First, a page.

Visit Harbour Island
HARBOUR ISLAND was a sleepy fishing village in 1787 when Gov. John Murray, the Earl of Dunmore and the last royal governor of Virginia fled from the American revolution to be appointed the first Governor of the Bahamas in its first capital on this small island outpost. Thereafter, the island town was called Dunmore Town, a name seldom used today because of the poor reputation of its namesake. The Governor immediately started a building boom, evidence of which can be seen throughout the island despite numerous hurricanes. The protection of the natural harbour between the island and “mainland” Eleuthera was auspicious for a rapid and lengthy growth process, while the island’s beaches attracted visitors from all over to see sand colored pink from the reddish hue of ancient ground-up shells and coral.
No history of Harbour Island is complete without explaining its links to the rise of tourism in the Bahamas. Dunmore Town is, after all, primarily a tourist town, albeit authentic with its New England-style cottages sprinkled with bright Caribbean colors. Since the mid-to-late 1800’s when Americans first discovered the health benefits of sun, sand and ocean air, tourists have flocked to the islands in ever-increasing numbers. In 1949, the first year records were kept, 32,018 visitors arrived in the Bahamas. By 1990, total arrivals set an all-time record of 3.628 million! (source: Bahamas Handbook 2000) Because Harbour Island, along with Nassau and Freeport, is considered one of the jewels of Bahamian tourism, it will continue to prosper, even as other islands experience recession.
Things to Do
HARBOUR ISLAND is barely 2 square miles in area, but boasts a three-mile expanse of pink sand on the Atlantic side that Conde Nast considers to be “quite possibly the finest beach in the world.” In addition to its surf, Harbour Island has a full menu of activities to enjoy, no matter what your taste or availability. For short visits, grab a quick lunch at the SeaView TakeAway – a lunch concession at the foot of the main dock, on the corner of Bay Street. Then rent a golf cart and travel the island to catch some sights such as Loyalist Cottage, the island’s oldest house overlooking the harbour. Other attractions worth seeing are St. John’s Anglican Church, built in 1768, Wesley Methodist Church from 1848, old homes (there’s a “haunted house” at the southern end of the island, near the marina), gardens, and the historic graveyards.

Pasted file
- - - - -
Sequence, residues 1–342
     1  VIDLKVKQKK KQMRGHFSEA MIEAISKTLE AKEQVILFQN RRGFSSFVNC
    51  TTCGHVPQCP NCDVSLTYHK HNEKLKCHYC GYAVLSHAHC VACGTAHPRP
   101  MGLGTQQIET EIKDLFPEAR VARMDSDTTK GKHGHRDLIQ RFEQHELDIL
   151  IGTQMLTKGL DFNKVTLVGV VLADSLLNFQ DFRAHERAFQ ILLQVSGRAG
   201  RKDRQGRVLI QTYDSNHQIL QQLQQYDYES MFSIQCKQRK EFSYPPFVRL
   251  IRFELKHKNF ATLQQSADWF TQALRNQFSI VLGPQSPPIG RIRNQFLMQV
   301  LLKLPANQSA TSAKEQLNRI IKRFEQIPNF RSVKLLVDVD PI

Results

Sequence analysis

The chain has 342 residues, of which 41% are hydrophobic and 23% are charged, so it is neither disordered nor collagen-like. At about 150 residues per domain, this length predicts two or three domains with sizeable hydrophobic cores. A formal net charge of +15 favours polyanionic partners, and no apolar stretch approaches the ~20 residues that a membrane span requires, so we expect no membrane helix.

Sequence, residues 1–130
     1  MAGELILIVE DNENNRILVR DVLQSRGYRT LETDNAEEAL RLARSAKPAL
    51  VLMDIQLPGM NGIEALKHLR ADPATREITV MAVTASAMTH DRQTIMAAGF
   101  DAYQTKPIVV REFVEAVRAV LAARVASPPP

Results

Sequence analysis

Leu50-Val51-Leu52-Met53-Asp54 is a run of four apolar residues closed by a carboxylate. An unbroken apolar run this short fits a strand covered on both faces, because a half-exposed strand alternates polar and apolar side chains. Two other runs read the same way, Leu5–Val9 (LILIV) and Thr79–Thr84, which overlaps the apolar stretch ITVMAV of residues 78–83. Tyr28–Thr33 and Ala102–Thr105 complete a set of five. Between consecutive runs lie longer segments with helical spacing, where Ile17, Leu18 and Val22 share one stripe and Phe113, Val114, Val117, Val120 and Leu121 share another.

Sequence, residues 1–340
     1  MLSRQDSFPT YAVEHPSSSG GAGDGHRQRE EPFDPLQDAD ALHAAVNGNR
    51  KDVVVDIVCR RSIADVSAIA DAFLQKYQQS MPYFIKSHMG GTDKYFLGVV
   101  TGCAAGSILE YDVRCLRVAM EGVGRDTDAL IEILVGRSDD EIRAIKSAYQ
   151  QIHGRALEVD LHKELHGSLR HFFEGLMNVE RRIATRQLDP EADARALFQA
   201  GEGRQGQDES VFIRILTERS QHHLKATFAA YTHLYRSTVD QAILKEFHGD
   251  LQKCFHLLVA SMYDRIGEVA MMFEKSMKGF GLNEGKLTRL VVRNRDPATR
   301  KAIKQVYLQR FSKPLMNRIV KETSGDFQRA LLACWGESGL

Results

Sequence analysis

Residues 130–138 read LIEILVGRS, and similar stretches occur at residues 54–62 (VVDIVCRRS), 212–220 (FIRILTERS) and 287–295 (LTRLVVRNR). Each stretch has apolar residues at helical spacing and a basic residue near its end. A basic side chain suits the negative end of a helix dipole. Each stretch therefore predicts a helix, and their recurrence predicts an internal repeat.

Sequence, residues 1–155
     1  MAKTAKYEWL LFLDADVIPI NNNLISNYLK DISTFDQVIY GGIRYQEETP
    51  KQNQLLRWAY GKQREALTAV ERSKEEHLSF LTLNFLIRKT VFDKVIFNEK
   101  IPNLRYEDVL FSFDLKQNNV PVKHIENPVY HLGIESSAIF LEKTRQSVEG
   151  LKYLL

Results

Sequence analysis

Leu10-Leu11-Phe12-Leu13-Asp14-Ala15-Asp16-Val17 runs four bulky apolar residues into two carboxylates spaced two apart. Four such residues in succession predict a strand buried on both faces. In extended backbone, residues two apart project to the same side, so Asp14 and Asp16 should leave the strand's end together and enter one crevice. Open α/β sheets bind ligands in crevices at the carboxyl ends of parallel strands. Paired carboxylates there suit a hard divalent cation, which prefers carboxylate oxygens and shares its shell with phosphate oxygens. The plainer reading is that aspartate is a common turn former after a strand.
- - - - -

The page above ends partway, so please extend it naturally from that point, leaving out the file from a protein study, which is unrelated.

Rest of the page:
// // If you have the time and inclination (and lots of money), spend the night at one of the half-dozen or so resort hotels that line the Atlantic coast and play beach volleyball, ride a pony, play tennis, or just soak in some sun. Scuba equipment and boat rentals are also available through a resort concierge. Pink Sands, the Coral Sands Hotel, and others on Harbour Island truly present a vision of paradise for those whose can afford to splurge.
Most people who visit here once resolve to come back again – but staying in resorts every year can be expensive – unless you think outside the box. Buy timeshares, pay for only the time you’re there, and never worry about rising prices again. Call Harbor Island your home away from home – in paradise!
CLICK on the pictures below to enlarge . . .
Harbour Island has something for everyone, from dining at a resort after a game of tennis, to sitting under an oak tree eating a conch sandwich. Scuba diving anyone? To the Top
HARBOUR ISLAND is only available by private ferry, either from mainland Eleuthera ($4 one-way), or via the Fast Ferry catamaran Bo Hengy from Nassau for around $100 (Call 242-323-2166 for details and reservations). Fast Ferry also services North Eleuthera and Governors Harbour from Nassau.
FROM MAINLAND ELEUTHERA: if you’re arriving at North Eleuthera Airport (ELH), take a taxi or just follow the road east until it dead-ends at the dock. If you’re coming from the south across the Glass Window, take the east road from Upper, then Lower Bogue (in the Bahamas, “up” means south and “down” means north. Confusing, huh? Just take a right at the broken phone booth). Follow the signs to the airport and beyond, then park your car at the mainland dock. Grab the next ferry boat you see, get in, pay your $4 and head out. Don’t worry about waiting; these private ferrymen are fast, friendly, and efficient. The whole trip takes about 15 minutes or less and good folks like Jack Higgs (below) will be able to ferry you across, at the same time regale you with stories about the island, it’s people, and the best places to stay, eat, and enjoy. Don’t come too late, though. These ferries won’t run after dark, so plan ahead if you have far to drive.
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